If you’ve ever set up a telescope in your backyard, you’ve probably learned how quickly any kind of lighting can ruin your observation. In fact, a recent study found that each year, about 10% of the stars that were visible the previous year disappear in a mix of light scattered through the atmosphere. A company called StealthTransit has the solution: Flash the lights in a controlled manner. They have video animation Explain the concept.
The technology, called DarkSkyProtector, assumes the presence of LED lighting and that the light’s owner (or manufacturer) will place a simple device in the line that causes the LED to flash imperceptibly. As you might imagine, a telescope – some giant observatory – is supposed to use a GPS receiver to sync and then only take pictures when all the LEDs go off. This assumes, of course, that you have a large number of lights under control.
It is difficult to imagine that every city and home has safe lighting for astronomy. However, we can imagine a university installing a lighting system on its campus to protect nighttime viewing. The system was tested in the Caucasus Mountains using a 24-inch telescope, and appears to have been quite successful at a shutter rate of about 150 Hz. We weren’t clear whether each LED controller had to have a GPS-controlled time source, but it looks like you will have to. However, the post talks about the bulbs not costing any more to manufacture than traditional bulbs, so they probably don’t have anything fancy about them.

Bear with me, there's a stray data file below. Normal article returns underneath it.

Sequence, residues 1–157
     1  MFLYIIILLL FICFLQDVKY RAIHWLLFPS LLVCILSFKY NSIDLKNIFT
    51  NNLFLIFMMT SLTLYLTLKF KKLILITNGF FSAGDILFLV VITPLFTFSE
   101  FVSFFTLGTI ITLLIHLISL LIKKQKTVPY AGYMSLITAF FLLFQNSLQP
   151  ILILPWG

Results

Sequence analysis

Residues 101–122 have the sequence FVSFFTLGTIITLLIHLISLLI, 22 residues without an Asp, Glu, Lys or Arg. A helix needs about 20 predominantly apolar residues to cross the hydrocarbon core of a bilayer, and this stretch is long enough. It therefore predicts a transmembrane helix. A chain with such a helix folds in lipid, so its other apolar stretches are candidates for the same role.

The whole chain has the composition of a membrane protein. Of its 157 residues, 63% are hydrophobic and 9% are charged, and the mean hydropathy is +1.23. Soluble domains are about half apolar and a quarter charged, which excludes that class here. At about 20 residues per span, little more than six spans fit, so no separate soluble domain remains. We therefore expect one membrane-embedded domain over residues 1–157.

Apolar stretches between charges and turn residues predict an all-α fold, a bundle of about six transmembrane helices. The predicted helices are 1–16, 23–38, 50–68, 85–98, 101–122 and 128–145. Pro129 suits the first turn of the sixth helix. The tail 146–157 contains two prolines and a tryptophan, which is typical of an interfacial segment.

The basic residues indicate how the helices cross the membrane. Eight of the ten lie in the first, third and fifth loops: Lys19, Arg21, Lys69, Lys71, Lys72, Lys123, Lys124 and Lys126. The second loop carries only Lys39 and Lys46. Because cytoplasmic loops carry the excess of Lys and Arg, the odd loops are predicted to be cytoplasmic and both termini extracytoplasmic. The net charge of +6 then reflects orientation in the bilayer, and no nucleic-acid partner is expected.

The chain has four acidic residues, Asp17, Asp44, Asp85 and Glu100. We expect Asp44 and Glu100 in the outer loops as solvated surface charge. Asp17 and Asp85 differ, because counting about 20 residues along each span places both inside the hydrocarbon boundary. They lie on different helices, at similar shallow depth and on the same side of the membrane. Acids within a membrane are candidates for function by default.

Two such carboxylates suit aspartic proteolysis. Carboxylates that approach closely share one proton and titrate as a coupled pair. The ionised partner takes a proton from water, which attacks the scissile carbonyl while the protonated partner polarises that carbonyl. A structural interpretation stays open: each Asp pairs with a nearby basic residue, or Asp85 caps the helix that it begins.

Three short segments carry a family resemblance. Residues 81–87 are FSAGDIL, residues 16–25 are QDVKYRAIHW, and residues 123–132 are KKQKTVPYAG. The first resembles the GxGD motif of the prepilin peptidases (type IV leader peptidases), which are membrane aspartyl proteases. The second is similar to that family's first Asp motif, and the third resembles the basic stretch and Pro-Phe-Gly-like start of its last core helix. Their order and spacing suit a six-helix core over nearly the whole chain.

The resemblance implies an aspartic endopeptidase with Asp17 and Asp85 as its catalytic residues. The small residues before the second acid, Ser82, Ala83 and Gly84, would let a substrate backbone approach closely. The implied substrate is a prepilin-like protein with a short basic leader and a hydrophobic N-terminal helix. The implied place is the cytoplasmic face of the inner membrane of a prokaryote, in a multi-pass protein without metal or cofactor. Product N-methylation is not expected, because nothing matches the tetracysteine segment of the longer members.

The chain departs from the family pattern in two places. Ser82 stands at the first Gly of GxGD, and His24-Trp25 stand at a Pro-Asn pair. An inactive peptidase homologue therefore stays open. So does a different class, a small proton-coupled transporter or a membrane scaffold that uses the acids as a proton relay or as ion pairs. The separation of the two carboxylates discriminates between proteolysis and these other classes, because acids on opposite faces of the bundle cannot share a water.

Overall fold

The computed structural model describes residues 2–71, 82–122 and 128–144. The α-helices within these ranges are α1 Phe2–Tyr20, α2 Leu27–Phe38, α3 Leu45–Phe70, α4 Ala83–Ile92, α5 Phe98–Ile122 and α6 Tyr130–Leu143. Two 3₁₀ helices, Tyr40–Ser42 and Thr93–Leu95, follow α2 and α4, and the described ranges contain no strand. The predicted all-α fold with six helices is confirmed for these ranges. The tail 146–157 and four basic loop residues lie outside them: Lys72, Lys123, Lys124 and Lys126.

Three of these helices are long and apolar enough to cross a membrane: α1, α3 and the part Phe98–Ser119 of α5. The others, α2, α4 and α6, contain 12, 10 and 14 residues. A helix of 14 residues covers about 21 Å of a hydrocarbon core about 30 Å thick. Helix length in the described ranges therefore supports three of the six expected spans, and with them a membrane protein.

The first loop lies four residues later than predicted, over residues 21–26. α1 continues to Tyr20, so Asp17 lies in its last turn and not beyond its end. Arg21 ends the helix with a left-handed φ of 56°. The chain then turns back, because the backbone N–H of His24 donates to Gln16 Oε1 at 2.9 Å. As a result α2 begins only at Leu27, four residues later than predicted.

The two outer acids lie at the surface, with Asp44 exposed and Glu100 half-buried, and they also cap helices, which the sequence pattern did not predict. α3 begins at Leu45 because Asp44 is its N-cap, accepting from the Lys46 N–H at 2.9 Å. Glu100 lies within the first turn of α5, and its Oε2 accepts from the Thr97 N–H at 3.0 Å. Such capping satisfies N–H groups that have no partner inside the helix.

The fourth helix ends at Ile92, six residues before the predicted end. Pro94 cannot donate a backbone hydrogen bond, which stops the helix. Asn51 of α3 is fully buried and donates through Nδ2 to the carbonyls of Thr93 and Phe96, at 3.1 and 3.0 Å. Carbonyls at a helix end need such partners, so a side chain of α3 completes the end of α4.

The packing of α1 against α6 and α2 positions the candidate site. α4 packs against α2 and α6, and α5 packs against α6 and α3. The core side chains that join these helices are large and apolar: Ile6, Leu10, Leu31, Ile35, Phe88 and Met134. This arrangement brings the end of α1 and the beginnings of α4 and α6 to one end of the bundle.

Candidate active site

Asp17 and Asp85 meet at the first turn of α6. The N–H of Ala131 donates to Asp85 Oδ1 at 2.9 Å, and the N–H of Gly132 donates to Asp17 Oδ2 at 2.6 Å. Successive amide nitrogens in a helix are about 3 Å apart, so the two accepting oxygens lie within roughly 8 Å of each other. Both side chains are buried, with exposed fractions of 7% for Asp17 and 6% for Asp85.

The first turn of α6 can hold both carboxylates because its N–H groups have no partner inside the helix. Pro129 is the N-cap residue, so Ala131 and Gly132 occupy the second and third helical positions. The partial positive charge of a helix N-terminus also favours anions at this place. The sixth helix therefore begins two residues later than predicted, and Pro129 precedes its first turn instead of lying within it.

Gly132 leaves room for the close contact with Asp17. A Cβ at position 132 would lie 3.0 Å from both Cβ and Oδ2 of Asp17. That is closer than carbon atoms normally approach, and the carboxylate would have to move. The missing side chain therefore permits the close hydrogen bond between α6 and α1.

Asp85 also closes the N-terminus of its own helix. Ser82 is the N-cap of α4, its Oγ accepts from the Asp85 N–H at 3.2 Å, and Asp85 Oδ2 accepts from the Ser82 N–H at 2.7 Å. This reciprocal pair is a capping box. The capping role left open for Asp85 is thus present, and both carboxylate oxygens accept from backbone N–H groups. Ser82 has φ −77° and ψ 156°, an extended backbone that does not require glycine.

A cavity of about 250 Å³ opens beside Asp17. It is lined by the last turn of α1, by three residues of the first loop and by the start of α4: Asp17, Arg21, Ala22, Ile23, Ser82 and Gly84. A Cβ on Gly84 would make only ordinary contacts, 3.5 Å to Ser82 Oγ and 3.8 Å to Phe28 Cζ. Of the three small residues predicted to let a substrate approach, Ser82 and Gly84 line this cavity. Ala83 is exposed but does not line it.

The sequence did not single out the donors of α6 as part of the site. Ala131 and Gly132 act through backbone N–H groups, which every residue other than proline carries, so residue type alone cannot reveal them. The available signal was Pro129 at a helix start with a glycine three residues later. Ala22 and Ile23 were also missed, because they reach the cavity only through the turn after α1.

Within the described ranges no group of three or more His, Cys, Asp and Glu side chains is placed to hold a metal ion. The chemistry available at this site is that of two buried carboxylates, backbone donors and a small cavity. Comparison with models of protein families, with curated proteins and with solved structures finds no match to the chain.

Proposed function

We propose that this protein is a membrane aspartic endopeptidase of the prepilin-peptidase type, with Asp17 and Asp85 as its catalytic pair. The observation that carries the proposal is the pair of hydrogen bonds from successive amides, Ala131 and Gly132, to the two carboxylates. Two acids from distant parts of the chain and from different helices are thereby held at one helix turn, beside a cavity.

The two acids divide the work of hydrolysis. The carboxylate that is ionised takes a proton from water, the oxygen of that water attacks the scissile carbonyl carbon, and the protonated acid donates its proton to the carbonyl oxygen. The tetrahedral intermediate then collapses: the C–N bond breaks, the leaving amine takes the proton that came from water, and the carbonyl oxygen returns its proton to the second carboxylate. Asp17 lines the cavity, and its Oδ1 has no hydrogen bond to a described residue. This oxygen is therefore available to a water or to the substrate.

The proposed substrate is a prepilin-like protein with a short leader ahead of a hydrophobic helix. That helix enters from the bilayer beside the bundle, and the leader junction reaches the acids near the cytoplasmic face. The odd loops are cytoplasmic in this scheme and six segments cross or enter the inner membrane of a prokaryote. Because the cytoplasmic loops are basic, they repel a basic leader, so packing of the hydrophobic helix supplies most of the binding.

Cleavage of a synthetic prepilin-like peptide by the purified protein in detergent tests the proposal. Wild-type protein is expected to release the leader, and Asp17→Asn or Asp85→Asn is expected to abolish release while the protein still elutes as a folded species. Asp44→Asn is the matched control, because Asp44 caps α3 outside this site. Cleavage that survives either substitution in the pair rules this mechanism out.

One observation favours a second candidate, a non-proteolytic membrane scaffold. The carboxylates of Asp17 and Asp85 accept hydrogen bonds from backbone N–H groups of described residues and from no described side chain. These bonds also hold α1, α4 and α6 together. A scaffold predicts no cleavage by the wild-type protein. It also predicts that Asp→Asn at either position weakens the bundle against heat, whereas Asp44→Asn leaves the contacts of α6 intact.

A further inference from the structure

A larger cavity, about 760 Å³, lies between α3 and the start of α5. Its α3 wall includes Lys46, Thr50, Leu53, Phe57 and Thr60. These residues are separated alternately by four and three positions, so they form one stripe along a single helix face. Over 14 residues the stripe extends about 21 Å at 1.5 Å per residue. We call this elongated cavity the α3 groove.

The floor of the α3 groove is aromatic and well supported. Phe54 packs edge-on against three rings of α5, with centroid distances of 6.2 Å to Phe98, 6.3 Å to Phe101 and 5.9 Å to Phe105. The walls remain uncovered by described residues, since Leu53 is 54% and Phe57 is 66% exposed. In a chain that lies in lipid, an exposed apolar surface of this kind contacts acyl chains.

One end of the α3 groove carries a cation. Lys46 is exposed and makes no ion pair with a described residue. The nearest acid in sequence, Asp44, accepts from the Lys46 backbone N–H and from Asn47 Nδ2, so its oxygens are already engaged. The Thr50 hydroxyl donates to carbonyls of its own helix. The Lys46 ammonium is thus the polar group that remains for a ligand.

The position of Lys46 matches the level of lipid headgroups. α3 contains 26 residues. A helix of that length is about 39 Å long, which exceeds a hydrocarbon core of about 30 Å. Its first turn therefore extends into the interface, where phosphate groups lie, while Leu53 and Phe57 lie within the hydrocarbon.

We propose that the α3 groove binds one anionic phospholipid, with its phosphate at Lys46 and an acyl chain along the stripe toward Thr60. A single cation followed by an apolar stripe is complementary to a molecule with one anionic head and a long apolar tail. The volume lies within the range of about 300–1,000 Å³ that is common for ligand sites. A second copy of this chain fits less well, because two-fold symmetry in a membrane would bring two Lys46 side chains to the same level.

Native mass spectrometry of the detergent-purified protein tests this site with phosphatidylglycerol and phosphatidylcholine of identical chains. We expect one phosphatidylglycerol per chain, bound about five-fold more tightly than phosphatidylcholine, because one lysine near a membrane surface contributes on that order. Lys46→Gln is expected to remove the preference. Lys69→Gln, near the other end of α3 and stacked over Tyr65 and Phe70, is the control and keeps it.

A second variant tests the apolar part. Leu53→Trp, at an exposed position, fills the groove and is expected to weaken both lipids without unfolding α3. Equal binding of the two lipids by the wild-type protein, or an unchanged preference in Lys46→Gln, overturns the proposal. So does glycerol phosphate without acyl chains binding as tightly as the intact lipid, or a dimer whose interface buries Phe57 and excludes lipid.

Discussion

You can see satellites during the day using a few technical tricks. Want to check out the observatories? Hit the road. Or get time on the telescope with Skynet University.
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